Saturday, February 18, 2017
Exhibit Hall (Hynes Convention Center)
Carlyn Harris, Arizona State University, Tempe, AZ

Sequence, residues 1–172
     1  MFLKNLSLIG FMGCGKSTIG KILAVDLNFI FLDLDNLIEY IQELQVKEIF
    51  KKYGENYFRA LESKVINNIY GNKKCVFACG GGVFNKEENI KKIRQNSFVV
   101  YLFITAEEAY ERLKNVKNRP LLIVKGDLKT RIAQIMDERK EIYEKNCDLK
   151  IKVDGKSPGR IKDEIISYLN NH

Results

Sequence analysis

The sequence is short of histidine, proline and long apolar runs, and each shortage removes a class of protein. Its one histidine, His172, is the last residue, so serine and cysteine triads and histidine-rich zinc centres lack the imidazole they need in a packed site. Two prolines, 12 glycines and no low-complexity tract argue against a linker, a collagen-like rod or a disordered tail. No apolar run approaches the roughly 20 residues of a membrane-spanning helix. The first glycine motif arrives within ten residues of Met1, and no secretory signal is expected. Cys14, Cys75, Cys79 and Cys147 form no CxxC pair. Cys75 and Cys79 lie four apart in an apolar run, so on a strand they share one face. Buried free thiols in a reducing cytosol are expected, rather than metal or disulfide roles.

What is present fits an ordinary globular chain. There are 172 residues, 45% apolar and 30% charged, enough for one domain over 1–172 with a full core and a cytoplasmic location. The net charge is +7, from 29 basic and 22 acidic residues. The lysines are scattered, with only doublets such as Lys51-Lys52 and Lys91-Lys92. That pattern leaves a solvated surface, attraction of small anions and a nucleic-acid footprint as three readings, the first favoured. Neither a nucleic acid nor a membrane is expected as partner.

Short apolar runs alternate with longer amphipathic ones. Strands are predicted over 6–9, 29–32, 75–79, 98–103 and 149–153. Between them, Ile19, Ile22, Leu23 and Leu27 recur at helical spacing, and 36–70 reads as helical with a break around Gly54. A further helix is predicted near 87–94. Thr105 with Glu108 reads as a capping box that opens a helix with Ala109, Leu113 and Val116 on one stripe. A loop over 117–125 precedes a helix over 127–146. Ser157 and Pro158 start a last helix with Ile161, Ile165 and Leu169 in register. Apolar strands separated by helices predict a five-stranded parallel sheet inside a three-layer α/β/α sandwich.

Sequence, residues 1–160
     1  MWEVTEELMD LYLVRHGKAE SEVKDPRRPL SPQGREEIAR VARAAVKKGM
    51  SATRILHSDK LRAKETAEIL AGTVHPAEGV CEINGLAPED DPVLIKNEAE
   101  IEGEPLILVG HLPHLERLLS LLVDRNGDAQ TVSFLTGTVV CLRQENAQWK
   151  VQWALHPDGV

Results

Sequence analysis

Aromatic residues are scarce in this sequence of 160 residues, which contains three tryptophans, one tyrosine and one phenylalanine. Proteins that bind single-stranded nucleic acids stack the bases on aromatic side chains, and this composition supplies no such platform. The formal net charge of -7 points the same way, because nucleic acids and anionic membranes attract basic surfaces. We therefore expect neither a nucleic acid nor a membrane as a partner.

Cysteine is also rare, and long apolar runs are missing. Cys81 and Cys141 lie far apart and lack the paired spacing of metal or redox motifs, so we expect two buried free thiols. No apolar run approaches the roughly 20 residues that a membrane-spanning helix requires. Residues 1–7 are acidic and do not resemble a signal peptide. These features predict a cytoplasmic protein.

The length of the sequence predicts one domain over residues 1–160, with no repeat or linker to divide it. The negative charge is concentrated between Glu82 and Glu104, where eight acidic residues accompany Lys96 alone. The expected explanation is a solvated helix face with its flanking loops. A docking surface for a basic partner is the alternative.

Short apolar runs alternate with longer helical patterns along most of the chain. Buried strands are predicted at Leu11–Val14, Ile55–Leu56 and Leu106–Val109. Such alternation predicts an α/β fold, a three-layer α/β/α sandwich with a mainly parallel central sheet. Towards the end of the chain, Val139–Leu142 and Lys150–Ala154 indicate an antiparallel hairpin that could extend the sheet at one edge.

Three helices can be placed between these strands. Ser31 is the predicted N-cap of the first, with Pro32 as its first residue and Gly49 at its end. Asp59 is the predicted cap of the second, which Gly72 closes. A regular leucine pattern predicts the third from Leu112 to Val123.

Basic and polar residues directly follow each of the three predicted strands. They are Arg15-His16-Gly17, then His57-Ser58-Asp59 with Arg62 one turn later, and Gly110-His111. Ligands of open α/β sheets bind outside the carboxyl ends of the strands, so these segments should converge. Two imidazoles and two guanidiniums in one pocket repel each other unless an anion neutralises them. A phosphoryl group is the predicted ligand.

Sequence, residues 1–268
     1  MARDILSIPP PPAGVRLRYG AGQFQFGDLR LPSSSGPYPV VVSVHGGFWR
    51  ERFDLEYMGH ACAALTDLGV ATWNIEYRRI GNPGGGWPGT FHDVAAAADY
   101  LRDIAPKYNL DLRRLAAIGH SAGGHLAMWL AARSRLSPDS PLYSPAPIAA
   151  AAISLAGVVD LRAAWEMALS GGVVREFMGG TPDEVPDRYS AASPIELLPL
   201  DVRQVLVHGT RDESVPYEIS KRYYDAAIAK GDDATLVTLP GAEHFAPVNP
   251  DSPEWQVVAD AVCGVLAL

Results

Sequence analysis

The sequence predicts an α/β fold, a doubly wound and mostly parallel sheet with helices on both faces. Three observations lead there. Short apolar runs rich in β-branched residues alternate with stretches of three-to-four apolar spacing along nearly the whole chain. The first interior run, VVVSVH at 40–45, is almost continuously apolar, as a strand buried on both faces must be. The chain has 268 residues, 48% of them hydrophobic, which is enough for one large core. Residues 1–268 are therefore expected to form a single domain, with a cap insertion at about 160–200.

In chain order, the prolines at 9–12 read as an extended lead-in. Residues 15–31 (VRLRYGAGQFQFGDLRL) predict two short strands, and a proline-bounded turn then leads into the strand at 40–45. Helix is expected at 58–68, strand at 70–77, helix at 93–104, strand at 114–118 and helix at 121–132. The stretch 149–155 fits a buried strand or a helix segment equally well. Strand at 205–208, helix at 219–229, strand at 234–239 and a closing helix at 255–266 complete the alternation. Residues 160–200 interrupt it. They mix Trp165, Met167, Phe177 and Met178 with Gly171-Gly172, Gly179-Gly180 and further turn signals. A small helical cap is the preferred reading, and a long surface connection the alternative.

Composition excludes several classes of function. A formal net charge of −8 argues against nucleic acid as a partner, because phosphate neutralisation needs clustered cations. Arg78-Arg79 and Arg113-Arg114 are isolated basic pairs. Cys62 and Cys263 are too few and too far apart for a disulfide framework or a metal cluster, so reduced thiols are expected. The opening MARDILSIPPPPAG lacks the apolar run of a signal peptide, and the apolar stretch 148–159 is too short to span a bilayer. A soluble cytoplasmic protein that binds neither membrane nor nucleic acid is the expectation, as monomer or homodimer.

Antibiotic resistance is the ability of bacteria to grow in the presence of a drug that would normally inhibit them. WHO has highlighted antibiotic resistance as one of the greatest current challenges to global public health. While resistance occurs naturally as bacteria evolve, overuse and misuse of antibiotics is accelerating this process. The principal aim of this study is to analyze the role of sociocultural influences on antibiotic consumption and resistance. The project focuses on how antibiotic public health knowledge and views of prescription practices influence consumption. It is known that there are large knowledge gaps across the globe regarding antibiotic resistance emergence and how overconsumption accelerates this process.This study aims to uncover cultural factors for these knowledge gaps. The ultimate goal in assessing sociocultural ties to public health knowledge of resistance and consumption is to reveal possibilities of new educational initiatives, awareness campaigns and policies. To be successful, these interventions must be culturally relevant to intended audiences. The study was conducted in countries with low (Guatemala/the Netherlands), intermediate (India/Spain) and high (South Africa/New Zealand) antibiotic consumption rates. In each site, an opportunity sample was used to recruit participants in a survey to assess knowledge, cultural views and personal consumption. Recruitment occurred in public spaces such as parks, markets and malls. Survey data was analyzed using the Cultural Consensus Analysis which measures patterns of agreement and variation amongst participants to determine the extent of shared beliefs regarding antibiotics. This method allows us to examine whether individuals within and across international contexts share similar cultural models regarding antibiotic use and perceptions of resistance as well as to test for specific factors that influence this agreement, such as country GDP, ethnicity, religion, gender, and access to medical care. Additionally, semi-structured interviews were conducted with pharmacists in each country which highlight the different perspectives on antibiotic consumption and resistance among health professionals in different contexts. These results help contextualize national data on antibiotic consumption and resistance by illustrating relationships between access, beliefs and consumption patterns within populations. The results also inform the development of community and culture specific educational campaigns regarding antibiotic resistance.